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Schools of Democracy: A Political History of the American Labor Movement, by Clayton Sinyai, Ithaca, NY: ILR Press, 2006, x, 292 pp., ISBN-13: 978-0-8014-4455-5.

  • Étienne Cantin

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  • Étienne Cantin
    Université Laval

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In this new political history of the American labour movement, Clayton Sinyai argues that the history of the American labour movement records an ongoing dialogue of American workers with one another and with other concerned citizens about the nature of democracy and the demands of citizenship. Although American labour has shown relatively little interest in socialism, neither have American trade unions practiced a “business unionism,” exclusively preoccupied with improving members’ wages. Rather, they have acted as organs of civic education preparing working people for the demands of political participation. The early American Federation of Labor (AFL) tried to achieve this end by encouraging unions to act as voluntary associations cultivating “civic virtue” among their members. The growth of modern industrial capitalism and of the liberal state created a hostile environment for traditional republican notions of civic virtue and political participation, however, and forced the labour movement into the new departure represented by industrial unionism and the Congress of Industrial Organizations (CIO). According to Sinyai, modern industrial capitalism and liberal politico-legal institutions have thus compelled American workers to moderate their republican ideas concerning the demands of democratic citizenship. Still, the author—a researcher for the Laborers’ International Union of North America (LIUNA) and Political Director for the Laborers’ Local 11, who also completed a doctoral degree in political science at Rutgers University—insists that the labour movement remains a rare force in American society still actively educating citizens for self-rule.

The first two chapters of Sinyai’s book lay out the heritage of democratic thought on the question of the worker as citizen. The first chapter surveys the Western tradition of political thought, highlighting how political theorists—whether ancient Greek and Roman philosophers, British liberals or American successors of both—argued that certain habits or virtues were necessary for political participation under democracy. Figures such as Thomas Jefferson, James Madison and Abraham Lincoln, using the Western tradition as a foundation, began to build “a uniquely American corpus of political thought, creating the conventional wisdom with which American labor would think and act” (p. 8). Their premises and ideas would even more directly influence the coming debate about the meaning of democratic citizenship in a rapidly industrializing republic.

It was not until the post-Civil War burst of industrial-capitalist development that labour and capital, rather than the yeoman farmer, would begin to dominate American politics and society. And it was only at this time that the American working class would adopt an enduring institutional expression. The trade unions, rather than a political party, would be labour’s principal locus for debate and reflection and a repository of the American tradition of republican working-class politics. We find that in the early republic, many Americans looked to preserve in workers the virtues and talents of the dwindling ranks of yeoman farmers and small proprietors that were the traditional mainstays of American democracy. Amid the development of capitalism in the United States, however, “citizens were sorting themselves into unequal classes with astonishing speed. The American conventional wisdom that ‘all men are created equal’ seemed increasingly at odds with observed facts” (p. 14). As Sinyai argues, the development of modern capitalism and “[t]he small proprietor’s eclipse by the capitalists and workers of the great industrial concerns and trusts challenged fundamental tenets of American democratic thought. Americans had inherited the idea that a community of small property holders of modest but secure means was ideally suited to democratic government—and that a society dominated by polar classes was a poor candidate for republican self-rule” (pp. 47-48).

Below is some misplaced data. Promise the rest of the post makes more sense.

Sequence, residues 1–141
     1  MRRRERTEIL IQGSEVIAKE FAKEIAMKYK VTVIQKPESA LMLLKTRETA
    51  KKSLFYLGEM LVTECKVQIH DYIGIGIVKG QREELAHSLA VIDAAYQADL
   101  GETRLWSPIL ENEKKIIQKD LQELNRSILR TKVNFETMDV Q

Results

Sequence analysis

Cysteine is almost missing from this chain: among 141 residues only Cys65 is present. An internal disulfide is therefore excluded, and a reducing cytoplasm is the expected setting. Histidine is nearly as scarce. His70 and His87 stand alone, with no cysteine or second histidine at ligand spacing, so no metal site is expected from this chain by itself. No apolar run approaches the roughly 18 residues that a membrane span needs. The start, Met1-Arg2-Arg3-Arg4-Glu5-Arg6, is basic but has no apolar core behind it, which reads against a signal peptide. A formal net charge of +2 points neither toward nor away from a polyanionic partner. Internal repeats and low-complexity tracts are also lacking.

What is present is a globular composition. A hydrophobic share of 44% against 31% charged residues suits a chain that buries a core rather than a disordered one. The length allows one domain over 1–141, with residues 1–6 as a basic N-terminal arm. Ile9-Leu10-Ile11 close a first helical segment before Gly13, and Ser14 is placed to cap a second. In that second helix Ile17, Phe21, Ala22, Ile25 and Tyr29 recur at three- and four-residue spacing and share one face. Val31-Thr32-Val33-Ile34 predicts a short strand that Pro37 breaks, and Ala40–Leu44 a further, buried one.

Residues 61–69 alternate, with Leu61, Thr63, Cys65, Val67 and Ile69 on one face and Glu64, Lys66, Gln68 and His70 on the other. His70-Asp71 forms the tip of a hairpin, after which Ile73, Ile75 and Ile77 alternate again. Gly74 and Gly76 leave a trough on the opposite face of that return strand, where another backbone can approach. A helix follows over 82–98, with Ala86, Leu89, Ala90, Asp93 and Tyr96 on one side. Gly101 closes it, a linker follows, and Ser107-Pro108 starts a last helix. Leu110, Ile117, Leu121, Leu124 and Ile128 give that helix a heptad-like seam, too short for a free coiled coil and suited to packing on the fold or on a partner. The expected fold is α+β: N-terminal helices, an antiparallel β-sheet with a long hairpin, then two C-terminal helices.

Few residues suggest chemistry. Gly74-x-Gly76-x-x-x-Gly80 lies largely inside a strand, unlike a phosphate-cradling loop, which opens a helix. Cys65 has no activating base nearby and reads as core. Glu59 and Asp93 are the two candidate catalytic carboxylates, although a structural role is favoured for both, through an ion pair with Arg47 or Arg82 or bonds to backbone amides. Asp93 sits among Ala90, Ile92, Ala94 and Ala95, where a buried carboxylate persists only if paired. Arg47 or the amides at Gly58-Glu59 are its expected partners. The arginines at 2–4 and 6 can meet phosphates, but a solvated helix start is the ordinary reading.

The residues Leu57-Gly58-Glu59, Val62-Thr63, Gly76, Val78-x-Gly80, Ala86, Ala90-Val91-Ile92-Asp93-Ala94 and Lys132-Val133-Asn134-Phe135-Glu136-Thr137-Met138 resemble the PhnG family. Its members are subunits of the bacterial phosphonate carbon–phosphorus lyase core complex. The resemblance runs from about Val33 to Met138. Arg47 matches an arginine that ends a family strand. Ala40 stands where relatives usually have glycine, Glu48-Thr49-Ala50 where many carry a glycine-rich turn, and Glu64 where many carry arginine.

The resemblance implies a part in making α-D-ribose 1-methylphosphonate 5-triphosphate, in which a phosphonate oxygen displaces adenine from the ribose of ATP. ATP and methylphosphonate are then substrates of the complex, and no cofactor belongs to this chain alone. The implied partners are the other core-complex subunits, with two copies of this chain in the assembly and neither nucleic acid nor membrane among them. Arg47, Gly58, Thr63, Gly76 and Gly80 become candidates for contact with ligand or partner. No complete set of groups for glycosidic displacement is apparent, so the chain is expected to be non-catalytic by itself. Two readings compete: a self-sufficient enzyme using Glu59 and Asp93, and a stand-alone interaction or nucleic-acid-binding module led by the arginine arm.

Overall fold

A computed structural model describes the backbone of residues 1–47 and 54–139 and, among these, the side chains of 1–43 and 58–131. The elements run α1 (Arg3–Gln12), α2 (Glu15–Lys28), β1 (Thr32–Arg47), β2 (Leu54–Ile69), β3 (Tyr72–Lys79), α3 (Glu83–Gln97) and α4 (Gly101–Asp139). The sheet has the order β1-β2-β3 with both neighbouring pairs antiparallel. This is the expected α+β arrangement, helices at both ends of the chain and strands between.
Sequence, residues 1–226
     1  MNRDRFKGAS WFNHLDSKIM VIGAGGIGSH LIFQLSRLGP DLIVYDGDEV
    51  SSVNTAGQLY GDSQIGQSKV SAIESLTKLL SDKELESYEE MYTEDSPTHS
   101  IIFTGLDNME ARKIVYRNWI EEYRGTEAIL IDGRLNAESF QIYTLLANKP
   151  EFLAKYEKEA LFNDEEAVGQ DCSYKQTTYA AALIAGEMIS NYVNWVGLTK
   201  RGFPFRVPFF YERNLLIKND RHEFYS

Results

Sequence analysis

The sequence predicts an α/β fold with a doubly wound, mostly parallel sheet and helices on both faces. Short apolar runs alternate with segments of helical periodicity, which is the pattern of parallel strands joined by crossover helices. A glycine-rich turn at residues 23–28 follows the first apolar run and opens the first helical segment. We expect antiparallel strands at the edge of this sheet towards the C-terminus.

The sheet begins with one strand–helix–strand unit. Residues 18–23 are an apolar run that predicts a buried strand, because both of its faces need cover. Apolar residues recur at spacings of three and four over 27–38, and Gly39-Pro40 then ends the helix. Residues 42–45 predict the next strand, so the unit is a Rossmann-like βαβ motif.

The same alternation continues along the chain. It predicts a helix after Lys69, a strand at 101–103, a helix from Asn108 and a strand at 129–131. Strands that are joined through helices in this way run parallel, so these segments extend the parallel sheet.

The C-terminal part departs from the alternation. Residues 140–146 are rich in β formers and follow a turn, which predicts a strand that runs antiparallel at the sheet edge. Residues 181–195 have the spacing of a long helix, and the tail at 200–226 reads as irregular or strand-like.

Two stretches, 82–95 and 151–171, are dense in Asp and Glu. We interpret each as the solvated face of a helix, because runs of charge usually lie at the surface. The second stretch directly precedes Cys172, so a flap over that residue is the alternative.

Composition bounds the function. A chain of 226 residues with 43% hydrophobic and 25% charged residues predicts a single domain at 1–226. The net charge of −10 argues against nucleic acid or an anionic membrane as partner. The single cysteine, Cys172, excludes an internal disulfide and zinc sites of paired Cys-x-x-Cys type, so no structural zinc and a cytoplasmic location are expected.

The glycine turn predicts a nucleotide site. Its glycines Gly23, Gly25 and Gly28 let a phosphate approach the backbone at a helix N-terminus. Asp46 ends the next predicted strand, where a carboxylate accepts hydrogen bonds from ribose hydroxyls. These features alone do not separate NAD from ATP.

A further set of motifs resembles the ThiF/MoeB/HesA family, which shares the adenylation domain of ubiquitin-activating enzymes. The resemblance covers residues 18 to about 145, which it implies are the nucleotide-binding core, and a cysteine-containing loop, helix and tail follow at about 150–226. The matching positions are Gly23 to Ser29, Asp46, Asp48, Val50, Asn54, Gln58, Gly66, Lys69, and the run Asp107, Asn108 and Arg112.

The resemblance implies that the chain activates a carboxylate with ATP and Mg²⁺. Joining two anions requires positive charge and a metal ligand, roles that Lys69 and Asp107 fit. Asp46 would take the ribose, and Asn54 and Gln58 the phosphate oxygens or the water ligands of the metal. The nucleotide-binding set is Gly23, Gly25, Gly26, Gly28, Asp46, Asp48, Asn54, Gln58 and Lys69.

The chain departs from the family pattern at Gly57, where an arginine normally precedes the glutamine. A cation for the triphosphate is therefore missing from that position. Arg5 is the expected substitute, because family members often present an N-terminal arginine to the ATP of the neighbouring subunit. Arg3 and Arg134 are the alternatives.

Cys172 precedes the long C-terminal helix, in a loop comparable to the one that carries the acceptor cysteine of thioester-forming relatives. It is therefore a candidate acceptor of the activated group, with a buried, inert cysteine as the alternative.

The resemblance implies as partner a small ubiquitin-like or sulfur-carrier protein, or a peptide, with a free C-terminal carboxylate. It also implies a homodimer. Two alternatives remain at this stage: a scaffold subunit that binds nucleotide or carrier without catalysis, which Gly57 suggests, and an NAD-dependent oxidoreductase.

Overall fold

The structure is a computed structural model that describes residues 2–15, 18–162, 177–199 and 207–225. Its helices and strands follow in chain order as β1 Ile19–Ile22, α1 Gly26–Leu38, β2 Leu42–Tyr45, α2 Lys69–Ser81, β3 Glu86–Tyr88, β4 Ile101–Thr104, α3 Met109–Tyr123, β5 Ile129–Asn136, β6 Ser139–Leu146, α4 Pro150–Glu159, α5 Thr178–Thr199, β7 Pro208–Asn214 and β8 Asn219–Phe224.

The labour movement, as exemplified during the Gilded Age by both the Knights of Labor and by the trade unions that joined together in 1886 to form the AFL, “took it as their task to defend American democracy. They sought both to check the usurpations of the powerful new employing class and to cultivate in workers the civic virtue needed for self-rule. But they adopted very different strategies to do so.” The Knights of Labor “thought wage-labor and democracy were ultimately irreconcilable,” while the crafts union activists of the AFL, while “[a]ccepting the private ownership of the means of production,” “hoped nonetheless to remove from wage labor the features that degraded the worker as citizen” (pp. 47-48). Avoiding both the typical “business unionism” take on the craft-based labour organizations affiliated with the AFL and the flawed perception of the federation’s “voluntarism” as an “antipolitical” doctrine, Sinyai rightly insists that Samuel Gompers and other trade-union activists “saw these craft unions as political organizations in at least two major and related respects. They were associations that would check the power of large firms and organized money to dominate society and polity. And they were associations that in their everyday practices equipped workers with the habits and skills that democratic citizens needed” (p. 32). The trade unions that Samuel Gompers and allied craft unionists helped construct were not simply intended to secure higher wages for their members but to educate workers in skills of democratic citizenship. Operating their own institutions would give working people valuable experience in the practice and habits of self-rule; exercising collective authority over work rules through their craft unions, they would thwart a crippling separation of the worker’s mental and manual labour; relying on themselves for collective uplift rather than the dubious considerations of a paternal state, workers would conserve their spirit of independence and freedom.